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Red Bull Racing

Red Bull ready masterplan to becoming factory team

While Thursday's F1 Commission meeting may have gone off without any fireworks, it could have long lasting ramifications on the sport. Most of all, it marks the start of a new era - at least for Red Bull.

Horner Verstappen Marko
To news overview © Getty Images/Red Bull Contentpool

In the end Red Bull got what they wanted. Formula 1 will introduce an engine freeze at the start of the 2022 season that will run until 2024.

The decision no doubt comes as a massive relief for the Milton Keynes outfit, as they were forced to find a solution regarding their power unit following the Japanese manufacturer's decision to leave Formula 1 at the end of the season.

"As of today, the course has been set for a new company to be established in Milton Keynes," Red Bull motorsport advisor Dr. Helmut Marko told Motorsport-Magazin.com. "That will be Red Bull Powertrains."

With the co-operation of associate F1 media outlet Motorsport Magazin, RacingNews365.com can disclose that Red Bull executives plan to register a new company known as Red Bull Powertrains. The news has been months in the making after Red Bull were forced to look for alternatives once Honda announced they would be leaving Formula 1 at the end of the 2021 season.

Given the team's ambitions to fight at the front of the grid, a return to Renault power was never a real option. That's why a special plan has been taking shape in Fuschl, Graz and Milton Keynes since word of the Japanese manufacturer's departure: Red Bull want to take over Honda engines and make them their own. However, a stop in engine development was needed to make that wish come true.

Red Bull can't and don't want to develop their own complex and expensive power units, but on the other hand they need to compete. The only way that is possible is if the rest of the competition isn't able to develop either. As a result engines will be homologated at the start of the 2022 season. Units will not be allowed to develop until the end of the engine regulations in 2024, as decided unanimously by the teams.

"I think that it's not only good news for us, but I think it's good for the whole of Formula 1 in general," Marko added.

However for Red Bull, the move doesn't come without its own set of costs. The good news is that Red Bull have a plan in place when it comes to their facilities in Milton Keynes.

"Building eight, one of our existing buildings, is being adapted into an engine shop," explained Marko.

Red Bull have already obtained cost estimates over the past weeks and months, with a vote on the engine freeze the final step before those plans could be put into action.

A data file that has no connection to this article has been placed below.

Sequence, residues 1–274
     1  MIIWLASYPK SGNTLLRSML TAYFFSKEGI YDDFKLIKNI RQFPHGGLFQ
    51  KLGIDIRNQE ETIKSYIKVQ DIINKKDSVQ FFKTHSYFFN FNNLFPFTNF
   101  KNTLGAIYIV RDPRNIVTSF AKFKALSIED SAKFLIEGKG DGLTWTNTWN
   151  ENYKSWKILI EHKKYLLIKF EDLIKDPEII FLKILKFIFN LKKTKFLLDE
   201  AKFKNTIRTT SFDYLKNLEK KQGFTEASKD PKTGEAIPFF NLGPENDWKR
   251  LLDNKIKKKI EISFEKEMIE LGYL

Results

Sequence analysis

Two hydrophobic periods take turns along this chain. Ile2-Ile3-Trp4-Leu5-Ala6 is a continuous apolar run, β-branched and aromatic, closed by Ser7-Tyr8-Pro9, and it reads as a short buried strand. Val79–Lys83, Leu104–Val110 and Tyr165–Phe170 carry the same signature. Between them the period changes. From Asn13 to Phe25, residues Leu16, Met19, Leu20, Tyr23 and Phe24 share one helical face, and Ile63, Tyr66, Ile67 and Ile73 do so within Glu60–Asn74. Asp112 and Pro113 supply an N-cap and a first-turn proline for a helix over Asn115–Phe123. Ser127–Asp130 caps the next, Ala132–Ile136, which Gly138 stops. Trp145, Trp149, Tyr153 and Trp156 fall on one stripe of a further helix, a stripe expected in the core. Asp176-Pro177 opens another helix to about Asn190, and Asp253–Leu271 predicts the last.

"Now everything is happening, now it's starting," Marko happily stated.

Honda's development centre is in Sakura, Japan but an operations centre was set up at Milton Keynes, not far from Red Bull. Nonetheless, Dietrich Mateschitz dug deep into his pockets and is looking to set up his own location rather than taking over Honda's infrastructure.

"The Honda shop is more geared towards electric motors. There aren't enough of the latest test benchmarks to carry out the necessary optimization on the engines," Marko explained, as this infrastructure is in Sakura.

"This engine shop is technically designed in such a way that the development - provided it remains within the scope that is envisaged - for the new engine regulations could be carried out here," added Marko regarding Red Bull's plans.

And thus, engines should become simpler and cheaper by 2025.

			© Red Bull Content Pool / Getty Images
	© Red Bull Content Pool / Getty Images

Red Bull masterplan: Factory team in 2025

It is Red Bull's first step toward becoming a full factory team. Ideally, there would be a manufacturer that works with the Austrian outfit starting in 2025. If not, the team could run independently - without having to rely on engines from Renault, Ferrari or Mercedes.

The investments that Red Bull makes over the course of the next few years should, in theory, pay off handsomely afterwards. The new engine plans shouldn't hurt the racing team's budget too much either.

"We're already crazy, but we'll do some math and calculations," Marko added smugly.

"It's a one-time investment in the building and especially in the test benches. But the running costs won't be that much higher than if we had bought an engine somewhere. It costs more, but not significantly more."

Red Bull have already reached an agreement with Honda to take over the intellectual property of the engine, though the operating costs could be covered in part through a sponsorship deal for the engine.

"Of course not from another automaker, but from some other interested party for example," Marko said in hope.

This would follow in line with Red Bull's decision a few years ago to rename their Renault engines after striking a deal with watch manufacturer Tag Heuer. However Red Bull are also hoping the move comes with benefits in the short term as well.

"Now we are building an engine that is coordinated with the chassis people, but both sides will help to optimise things," Marko added. "If we had received an engine from Renault, for example, we would have been forced to design our own chassis, radiator and other parts for the engine."

Red Bull will continue to receive full support from Honda in 2021. The Japanese manufacturer have also pledged to develop their power unit by the end of the year, though no updates are allowed during the season. This means that Red Bull will begin the homologation period in 2022 with an engine that is up to date.


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